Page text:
Hiking is one of the best outdoor activities. It is good for your physical, as well as your mental health. It will keep you in shape and will help you get rid of everyday stress. Since you are a beginner, it is important to prepare well for a hike, so that it will be a pleasant experience that will leave you wanting for more. Here is a list that we have compiled of some things that you can do to get ready for it.
Choose the right hiking trail
There are many wonderful places where you can go hiking, but you should be reasonable when choosing your first one. Take it easy. Have in mind your fitness level, how good you know the area, and how much time you want to dedicate to this activity – and don’t do it at night. As you are new in this, do some research about your possible options; what is the terrain like, do many people go there, what is the distance that you will be walking, etc.
Check the weather
Check the forecast for that particular day so that you can evaluate if it would be a good idea, or not. Also, you will know what to wear so that you are dressed appropriately. Surely, the weather can surprise us, but that shouldn’t be an excuse for not preparing for the potential changing weather conditions.
The more experienced they are – the better. Don’t hike alone so that in case of an injury, you will have help, and if you get lost, you won’t be all by yourself and you two can figure it out. Before going on a trip, let your family and friends where you will be going and when you intend to come back, just in case something goes wrong.
Get good hiking shoes
Getting a great pair of hiking boots is of utmost importance. Even if you will be hiking in the summer, you will still need to wear hiking shoes – not sandals. Also, a good pair of sneakers could do the job, but that really depends on the terrain. If you don’t have proper hiking shoes, you will be prone to slipping, twisting an ankle, and it might even slow you down as you wouldn’t have a good grip and you would have to watch your step even more carefully. If the trail is not a challenging one, then a pair of sneakers might be enough for you, but if you are planning more serious hiking trips on steep mountain trails, we recommend getting hiking boots that will protect your feet and ankles, and provide a more secure step.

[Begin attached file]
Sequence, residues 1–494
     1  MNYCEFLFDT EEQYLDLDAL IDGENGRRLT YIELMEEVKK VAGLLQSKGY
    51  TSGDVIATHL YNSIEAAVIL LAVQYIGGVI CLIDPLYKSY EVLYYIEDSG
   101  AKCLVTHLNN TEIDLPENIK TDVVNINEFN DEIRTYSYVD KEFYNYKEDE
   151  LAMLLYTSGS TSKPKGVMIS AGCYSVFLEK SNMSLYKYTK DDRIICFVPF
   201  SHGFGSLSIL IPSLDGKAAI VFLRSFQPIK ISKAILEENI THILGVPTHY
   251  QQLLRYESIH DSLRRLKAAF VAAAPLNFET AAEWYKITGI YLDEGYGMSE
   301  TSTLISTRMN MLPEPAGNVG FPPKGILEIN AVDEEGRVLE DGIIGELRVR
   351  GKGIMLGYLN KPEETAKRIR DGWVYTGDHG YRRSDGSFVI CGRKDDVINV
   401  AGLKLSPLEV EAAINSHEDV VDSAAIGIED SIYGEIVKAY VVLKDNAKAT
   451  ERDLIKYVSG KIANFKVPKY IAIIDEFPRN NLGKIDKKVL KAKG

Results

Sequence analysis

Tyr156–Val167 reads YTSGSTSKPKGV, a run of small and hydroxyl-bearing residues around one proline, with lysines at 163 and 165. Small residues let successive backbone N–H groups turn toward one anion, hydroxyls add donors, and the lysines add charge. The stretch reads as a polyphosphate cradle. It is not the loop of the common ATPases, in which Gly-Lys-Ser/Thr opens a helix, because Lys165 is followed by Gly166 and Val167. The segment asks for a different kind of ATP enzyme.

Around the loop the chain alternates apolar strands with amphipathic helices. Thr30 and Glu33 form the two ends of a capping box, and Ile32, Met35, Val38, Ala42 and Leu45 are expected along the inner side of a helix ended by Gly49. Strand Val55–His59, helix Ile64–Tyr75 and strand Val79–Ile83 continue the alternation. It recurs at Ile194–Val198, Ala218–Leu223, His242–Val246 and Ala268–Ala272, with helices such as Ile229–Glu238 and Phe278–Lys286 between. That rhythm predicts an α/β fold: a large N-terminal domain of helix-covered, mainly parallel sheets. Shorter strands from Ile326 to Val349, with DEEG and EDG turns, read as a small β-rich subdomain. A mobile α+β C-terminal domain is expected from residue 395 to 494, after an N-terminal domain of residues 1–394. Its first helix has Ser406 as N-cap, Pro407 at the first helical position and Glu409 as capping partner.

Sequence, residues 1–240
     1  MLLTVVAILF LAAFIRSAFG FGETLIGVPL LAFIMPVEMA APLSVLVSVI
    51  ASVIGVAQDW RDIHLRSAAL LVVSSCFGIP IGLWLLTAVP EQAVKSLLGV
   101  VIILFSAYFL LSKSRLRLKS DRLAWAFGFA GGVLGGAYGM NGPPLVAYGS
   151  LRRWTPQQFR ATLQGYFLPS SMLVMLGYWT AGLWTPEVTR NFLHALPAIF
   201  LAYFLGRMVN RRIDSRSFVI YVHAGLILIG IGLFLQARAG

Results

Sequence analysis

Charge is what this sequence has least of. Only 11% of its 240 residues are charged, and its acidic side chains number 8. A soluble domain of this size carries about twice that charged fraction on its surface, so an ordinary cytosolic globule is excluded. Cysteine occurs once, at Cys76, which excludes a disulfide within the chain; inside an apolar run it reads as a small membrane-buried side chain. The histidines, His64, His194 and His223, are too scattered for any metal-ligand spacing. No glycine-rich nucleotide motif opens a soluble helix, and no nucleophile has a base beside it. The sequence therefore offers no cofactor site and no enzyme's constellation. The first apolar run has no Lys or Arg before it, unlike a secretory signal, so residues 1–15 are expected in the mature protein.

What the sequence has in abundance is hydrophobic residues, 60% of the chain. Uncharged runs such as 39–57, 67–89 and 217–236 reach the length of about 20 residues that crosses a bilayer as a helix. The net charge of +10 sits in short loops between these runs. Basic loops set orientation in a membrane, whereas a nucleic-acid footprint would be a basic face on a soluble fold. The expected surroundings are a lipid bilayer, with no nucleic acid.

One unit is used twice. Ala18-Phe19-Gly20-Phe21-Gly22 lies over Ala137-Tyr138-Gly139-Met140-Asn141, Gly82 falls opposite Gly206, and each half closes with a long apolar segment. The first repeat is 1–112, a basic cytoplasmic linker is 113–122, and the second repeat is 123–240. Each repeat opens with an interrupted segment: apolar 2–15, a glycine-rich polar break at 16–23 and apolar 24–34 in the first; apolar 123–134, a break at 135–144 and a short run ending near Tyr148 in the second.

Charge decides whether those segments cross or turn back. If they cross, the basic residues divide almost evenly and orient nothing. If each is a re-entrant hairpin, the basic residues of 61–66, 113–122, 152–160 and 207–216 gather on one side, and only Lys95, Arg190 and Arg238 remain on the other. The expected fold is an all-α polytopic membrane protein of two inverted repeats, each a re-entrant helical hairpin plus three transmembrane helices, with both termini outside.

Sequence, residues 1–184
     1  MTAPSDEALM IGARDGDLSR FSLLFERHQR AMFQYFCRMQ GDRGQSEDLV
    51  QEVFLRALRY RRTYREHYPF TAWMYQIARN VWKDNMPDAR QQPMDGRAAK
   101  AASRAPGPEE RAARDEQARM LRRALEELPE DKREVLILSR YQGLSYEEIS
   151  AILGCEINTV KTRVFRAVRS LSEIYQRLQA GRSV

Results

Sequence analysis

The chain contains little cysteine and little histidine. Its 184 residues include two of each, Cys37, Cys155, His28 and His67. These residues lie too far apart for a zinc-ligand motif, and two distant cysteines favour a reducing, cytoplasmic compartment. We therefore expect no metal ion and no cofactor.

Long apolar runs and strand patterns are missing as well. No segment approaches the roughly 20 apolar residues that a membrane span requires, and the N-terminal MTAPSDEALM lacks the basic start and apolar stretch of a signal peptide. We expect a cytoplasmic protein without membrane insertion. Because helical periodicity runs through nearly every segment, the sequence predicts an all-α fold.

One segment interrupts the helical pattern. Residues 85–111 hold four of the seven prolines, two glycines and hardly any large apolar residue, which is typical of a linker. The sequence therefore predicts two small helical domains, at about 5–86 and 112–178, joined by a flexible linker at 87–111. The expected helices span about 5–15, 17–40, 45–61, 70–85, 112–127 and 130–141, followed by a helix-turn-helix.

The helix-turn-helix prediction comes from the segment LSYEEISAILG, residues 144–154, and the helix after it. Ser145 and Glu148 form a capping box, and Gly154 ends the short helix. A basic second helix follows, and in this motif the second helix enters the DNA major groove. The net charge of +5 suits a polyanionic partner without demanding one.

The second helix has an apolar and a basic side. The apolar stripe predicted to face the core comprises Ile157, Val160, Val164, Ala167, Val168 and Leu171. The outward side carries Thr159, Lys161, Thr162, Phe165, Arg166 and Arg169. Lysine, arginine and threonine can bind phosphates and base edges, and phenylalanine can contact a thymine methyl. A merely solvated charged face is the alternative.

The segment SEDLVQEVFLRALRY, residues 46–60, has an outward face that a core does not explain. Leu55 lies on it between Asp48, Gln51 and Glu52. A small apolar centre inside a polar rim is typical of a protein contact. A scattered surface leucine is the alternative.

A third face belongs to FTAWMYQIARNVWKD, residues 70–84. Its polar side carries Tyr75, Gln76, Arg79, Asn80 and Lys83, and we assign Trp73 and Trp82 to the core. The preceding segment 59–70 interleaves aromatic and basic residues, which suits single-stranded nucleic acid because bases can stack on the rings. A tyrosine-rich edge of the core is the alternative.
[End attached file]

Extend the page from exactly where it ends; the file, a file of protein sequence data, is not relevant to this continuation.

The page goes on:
Wear proper clothing
Avoid shorts even in the summer, as they will leave your legs exposed and you might end up with scratches from the vegetation, or bug bites. If the weather is cold, put on layers and avoid cotton and denim. Wear clothes that are made out of breathable materials like polyester that are durable, lightweight, quick to dry, and will let your sweat evaporate instead of absorbing it. Wear a waterproof jacket if you are expecting rain or snow, and even a raincoat might prove to be useful too. You can check out some great items at Hiking Gear Lab.
Staying hydrated is paramount, especially in the hot summer months, as you would be sweating even more. Don’t rely on random mountain springs as that water might not be safe for drinking and you might end up with some waterborne infection. Depending on the length of the planned hike, bring along at least one bottle of water. You could also bring some cooled, unsweetened herbal tea. Avoid sodas and be careful with sports (electrolyte) and energy drinks since they might do more harm than good.
Again, depending on the length of the trip, you should pack a sandwich or some fruit. Bring along some healthy snacks like nuts and granola bars, just in case you need a boost of energy, or your hike lasts longer than expected. Eat a healthy meal for about an hour before the trip.
Put on SPF
This cannot be said enough times. You should be wearing broad-spectrum SPF every time you leave the house (some dermatologists even recommend that you should put SPF creams even when staying indoors), so when going on a hike where you would be exposed to UV rays for a substantial amount of time, and sometimes you would be on a higher altitude where that exposure is greater– even if it is a cloudy day) you should definitely apply sunscreen. For the same reasons, bring along sunglasses as well, ones that protect from both UVA and UVB rays. Since there isn’t a big difference between the protection that SPF 30 and 50 offers, we leave it up to you. However, you must apply a good amount of the product and re-apply it every two hours. UV rays can damage the skin and accelerate aging. If you are not careful, it will leave you with wrinkles, spots, and even skin cancer in the long run. Wearing a hat would also be an excellent idea – it will offer even more protection from the harmful sun rays.
Prepare a First-Aid Kit
Make your own First-Aid kit with some band-aids, elastic bandages, antibiotic spray or cream, any medications you might be using, as well as antihistamines in case of an allergic reaction. If you have more severe allergies, take your Epi-Pen with you.
Carry your backpack properly
Put on both straps of the backpack, so that there won’t be additional strain on your back. Get a quality backpack that will hold all of your items and will sit tight on your back. The straps should be padded and adjustable and do not make the bag too heavy.
Other things you might need
A Swiss army knife is a great tool that can be used for many purposes, so make sure you have one at hand. It is small, light, and very practical.
Bring with you wet wipes, toilet paper, hand sanitizer, and trash bags. Also, you might want to use some bug spray to keep the bugs away from your skin. Get a flashlight just in case, even though we don’t recommend that you hike at dusk or at night without some previous experience.
Our smartphones are equipped with different apps, so you might not need an actual map or a compass. Phones are equipped with GPS, but you should get a power bank in case your smartphone battery goes dead.
Enjoy your hike and stay safe!